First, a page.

I was working for a writer and photographer around the time digital cameras became popular, and my mentor was absolutely adamant against digital photography. I mean … no one wants to jump on board with the latest, greatest tech only to find out it’s dead and gone just a few years later. I suppose that some of that same kind of reluctance and uncertainty has been going around with the introduction of red dot sights for handguns.
Many shooters have used red dot technology on long guns for upward of 30-40 years. But people got a little crazy when folks started to put red dots on everyday carry guns for defensive use. (The batteries will die! Iron sights are king!) Luckily, the technology rapidly began to improve and prices started to go down. More and more people dove in to research, test and use these devices. And not surprisingly, they found the slide-mounted red dot sight (RDS) to be a really great option.
I had a great opportunity to get a real in-depth introduction to the RDS on a recent trip to SIG Sauer Academy in Epping, New Hampshire. They provided me with a P320 RXP with ROMEO1PRO and XRAY3 suppressor sights along with some private, one-on-one instruction. In this setting, I could make all the mistakes and ask all the questions. And while I was a little reluctant to jump on the bandwagon (or the red dot revolution, as they’re calling it), it was a very eye-opening experience. Literally.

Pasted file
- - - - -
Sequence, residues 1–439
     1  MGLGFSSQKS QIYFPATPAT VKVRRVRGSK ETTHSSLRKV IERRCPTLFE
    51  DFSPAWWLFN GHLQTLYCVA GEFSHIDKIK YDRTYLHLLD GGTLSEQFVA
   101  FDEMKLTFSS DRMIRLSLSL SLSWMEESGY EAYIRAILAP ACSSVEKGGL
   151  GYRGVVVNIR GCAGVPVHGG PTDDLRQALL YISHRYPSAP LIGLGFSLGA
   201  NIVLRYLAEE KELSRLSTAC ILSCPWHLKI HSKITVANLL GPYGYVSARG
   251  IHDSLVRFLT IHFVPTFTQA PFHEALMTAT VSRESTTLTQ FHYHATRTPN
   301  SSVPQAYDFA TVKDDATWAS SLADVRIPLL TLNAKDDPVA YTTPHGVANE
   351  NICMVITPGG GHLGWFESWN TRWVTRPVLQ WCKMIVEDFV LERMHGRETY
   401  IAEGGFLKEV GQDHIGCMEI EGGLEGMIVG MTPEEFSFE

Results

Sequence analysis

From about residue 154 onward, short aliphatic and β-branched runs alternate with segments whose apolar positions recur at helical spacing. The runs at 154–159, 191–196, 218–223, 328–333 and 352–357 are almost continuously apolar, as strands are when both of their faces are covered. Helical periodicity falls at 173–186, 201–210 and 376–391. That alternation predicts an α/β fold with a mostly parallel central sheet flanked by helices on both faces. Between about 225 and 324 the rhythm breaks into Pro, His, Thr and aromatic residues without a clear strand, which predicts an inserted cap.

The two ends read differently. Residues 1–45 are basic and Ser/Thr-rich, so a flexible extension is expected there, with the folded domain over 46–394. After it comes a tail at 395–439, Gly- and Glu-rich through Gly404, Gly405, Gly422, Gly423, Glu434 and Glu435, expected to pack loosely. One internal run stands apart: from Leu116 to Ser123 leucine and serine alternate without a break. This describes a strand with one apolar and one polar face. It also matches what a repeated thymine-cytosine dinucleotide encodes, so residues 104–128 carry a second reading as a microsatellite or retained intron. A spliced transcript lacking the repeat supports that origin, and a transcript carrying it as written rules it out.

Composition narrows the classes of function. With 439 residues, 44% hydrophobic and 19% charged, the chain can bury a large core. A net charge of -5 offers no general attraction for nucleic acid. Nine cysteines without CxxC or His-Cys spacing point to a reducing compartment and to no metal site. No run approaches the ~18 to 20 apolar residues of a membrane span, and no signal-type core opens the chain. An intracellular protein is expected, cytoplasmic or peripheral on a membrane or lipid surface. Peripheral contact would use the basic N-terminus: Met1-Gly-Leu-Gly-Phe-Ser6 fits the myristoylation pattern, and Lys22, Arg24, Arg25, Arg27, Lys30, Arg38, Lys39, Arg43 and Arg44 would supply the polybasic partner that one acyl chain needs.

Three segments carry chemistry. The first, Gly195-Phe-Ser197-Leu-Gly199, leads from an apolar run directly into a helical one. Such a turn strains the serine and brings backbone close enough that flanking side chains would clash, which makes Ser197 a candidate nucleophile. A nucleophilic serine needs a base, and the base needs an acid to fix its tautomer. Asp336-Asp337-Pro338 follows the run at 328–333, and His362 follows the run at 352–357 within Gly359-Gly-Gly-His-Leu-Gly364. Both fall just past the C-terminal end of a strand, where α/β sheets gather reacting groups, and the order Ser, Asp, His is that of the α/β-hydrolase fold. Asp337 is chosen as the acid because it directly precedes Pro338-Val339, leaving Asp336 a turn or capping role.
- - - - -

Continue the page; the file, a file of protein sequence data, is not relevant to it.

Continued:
It took a while to get acclimated to a slight change in body position while presenting the firearm. I had to keep both eyes open and basically change my points of focus so I could see the red dot quickly while acquiring the target. But unexpectedly, I caught on faster than I thought. And I can definitely see the benefits and applications of red dots, not only for competition shooters (who have been using this innovation for years), but also for the everyday defensive gun carrier. The red dot offers a pretty intuitive target-focused system.
It’s also great for aging eyes. And who doesn’t want to hit steel plates consistently at 50 yards? (I know that’s not a defensive shooting distance. But it sure was a whole lot of fun hearing that steel ring over and over again while standing so far back it felt like I wasn’t even on the shooting range anymore!)
Facing the Future
I took home a lot of information and knowledge, but I didn’t get to take home the P320. So I grabbed my XD-s and set up a Swampfox Optics Sentinel, ready to try some dry fire and get out on the range again to front-load my practice and training.
We all know that learning with and using iron sights is a tried-and-true way to go. And they will still be there if a red dot fails, but you shouldn’t turn your nose up at the pistol RDS innovations. And don’t be surprised if red dot sights for concealed carry and everyday use soon become the norm.